It started on Sunday night with a trip to Chinatown's Peking Duck House. This venerable duck spot is always crowded, never has reservations available, and allows patrons to bring their own wine (Riesling and Burgundy for us). Really, there is only one thing that you must get here: Peking duck (duh!).

Soup dumplings were a misstep, with a flavorless filling and an over boiled dumpling wrapper. Chinese broccoli--closely resembling broccoli rabe--in oyster sauce was good enough, fulfilling the need for something green. But the real star was the duck, carved away from our table and brought back in clean, lacquered slices. It was fatty and chewy and crispy and arrived with a julienne of cucumber and scallions, along with thin pancakes and hoisin sauce. We ate the whole duck.

Later in the week, I had a dumpling craving that required satisfaction and so found myself at the recently renovated (but still dirt cheap) Nom Wah Tea Parlor on Doyers Street, where a truly overabundant meal set me back twenty-five smackers--and where I should have shown restraint and ordered less. House special dumplings, pork and shrimp, came in a crisp, pan seared package. Shrimp and pea shoot numbers were in a thinner, gooier rice paper wrapper, equally delicious. Vegetable dumplings were the size of hacky sacks. Shrimp filling wrapped in bacon came deep fried and impossibly crunchy. Rice rolls--one with vegetables and one with beef--surprised us with their incredible texture and depth. A pork bun the size of two adult fists gave way to chunks of real, toothsome pork. And turnip cakes with Chinese sausage and dried shrimp were crisp outside and soft inside, a welcome departure from that old stand-by, scallion pancakes. I never even made it to the fried crab claw, which came with shell intact (a minor turnoff, to be honest). The evening's only real disappointment was a plate of "sweet and sour" spare ribs, more closely resembling a withered, soggy tonkatsu.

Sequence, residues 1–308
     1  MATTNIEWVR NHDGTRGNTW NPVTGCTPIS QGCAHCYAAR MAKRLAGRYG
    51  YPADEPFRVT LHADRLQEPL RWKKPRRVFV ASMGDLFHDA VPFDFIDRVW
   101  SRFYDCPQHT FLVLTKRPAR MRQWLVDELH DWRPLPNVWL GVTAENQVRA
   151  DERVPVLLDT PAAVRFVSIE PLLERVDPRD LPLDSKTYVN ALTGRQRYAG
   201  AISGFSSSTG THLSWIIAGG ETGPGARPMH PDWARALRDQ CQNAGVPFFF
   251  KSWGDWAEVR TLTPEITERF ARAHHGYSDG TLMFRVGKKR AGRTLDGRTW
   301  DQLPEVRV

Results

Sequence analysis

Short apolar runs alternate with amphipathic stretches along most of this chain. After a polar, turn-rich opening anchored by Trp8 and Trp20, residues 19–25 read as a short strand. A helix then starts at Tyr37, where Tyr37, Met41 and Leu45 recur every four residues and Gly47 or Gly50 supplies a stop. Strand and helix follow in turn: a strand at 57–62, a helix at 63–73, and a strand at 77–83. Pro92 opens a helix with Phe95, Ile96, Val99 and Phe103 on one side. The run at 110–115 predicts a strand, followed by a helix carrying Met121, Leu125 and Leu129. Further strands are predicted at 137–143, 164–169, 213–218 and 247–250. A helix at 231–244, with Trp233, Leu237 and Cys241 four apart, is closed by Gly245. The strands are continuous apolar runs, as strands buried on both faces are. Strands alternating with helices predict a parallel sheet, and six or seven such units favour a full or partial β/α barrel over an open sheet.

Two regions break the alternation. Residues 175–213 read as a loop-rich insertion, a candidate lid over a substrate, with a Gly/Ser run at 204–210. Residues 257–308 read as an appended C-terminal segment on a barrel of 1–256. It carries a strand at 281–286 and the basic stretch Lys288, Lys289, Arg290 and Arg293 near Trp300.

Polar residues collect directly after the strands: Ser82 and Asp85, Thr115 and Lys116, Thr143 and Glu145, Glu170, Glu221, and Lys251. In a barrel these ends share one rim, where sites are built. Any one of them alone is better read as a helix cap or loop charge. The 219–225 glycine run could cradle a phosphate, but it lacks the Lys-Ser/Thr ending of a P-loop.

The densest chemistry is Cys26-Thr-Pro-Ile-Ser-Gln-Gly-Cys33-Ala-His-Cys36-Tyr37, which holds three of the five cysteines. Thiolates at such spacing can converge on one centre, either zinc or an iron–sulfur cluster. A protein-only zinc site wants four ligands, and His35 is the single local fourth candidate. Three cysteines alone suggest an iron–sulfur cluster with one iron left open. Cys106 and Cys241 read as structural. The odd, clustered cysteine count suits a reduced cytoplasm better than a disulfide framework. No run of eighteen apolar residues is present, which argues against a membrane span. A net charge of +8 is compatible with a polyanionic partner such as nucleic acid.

But for dumplings, well, it's worth the trip.

Peking Duck House
28 Mott Street
New York, NY 10013

Nom Wah Tea Parlor
13 Doyers Street
New York, NY 10013

Thursday, December 8, 2011


Surprisingly, Paul Liedbrandt's highly recognized TriBeCa haunt was nearly dead on a recent--though rainy--Wednesday night. The dining room is spare anyway, in varied shades of white, so the emptiness feels even more obvious when the place isn't full.

Corton strives to be a four-star restaurant, but sometimes it misses its mark. Service is scattered and servers don't know the answer to obvious questions (like where their proteins come from, for instance). Utensils were often ill-suited for the task at hand (and I had to use my butter knife to scoop the sauce from one small bowl, left spoonless). My wine glass was near empty until a sommelier deigned notice. A series of amuse bouche--pastry filled with Sauce Mornay; a warm croquette; an egg custard with black truffle gelee that needed salt; a weirdly smoked quail egg; and a successful albacore tuna skewer with charred lime--underscored the ambition of the evening, even if they didn't all work.

Our first course of a puck of foie gras wrapped in beet, was dainty and beautiful, but not the best I've ever had. A course of monkfish was admirable cooked and sparely plated, with an accompanying warm oyster laced in foam and a lentil and onion soup.

A Wagyu beef course was a painting in black: a circle of beef crusted in black toasted brioche; a black oval of sunchoke; black truffle sauce on the plate; a square of short rib in more brioche; charred sweet onion; and a side of potato with a melting sauce inside.

Next: a gorgeous sesame custard with concord grape sorbet that surprised me in its elegance and restraint. Caramelized sesame on top offered the necessary crunch. Finally, an apple composition arrived, puff pastry filled with apples and a side of white coffee ice cream. It might not last forever in my dessert memory, but it was nice while it lasted, as was the parade of final notes: pate de fruits; chocolates; and macarons. I held court with a perfect glass of 1982 Coteaux du Layon.

The food is good, if a little too conceptual for its ilk. We'll see if it grows or shrinks with age.

239 West Broadway
New York, NY 10013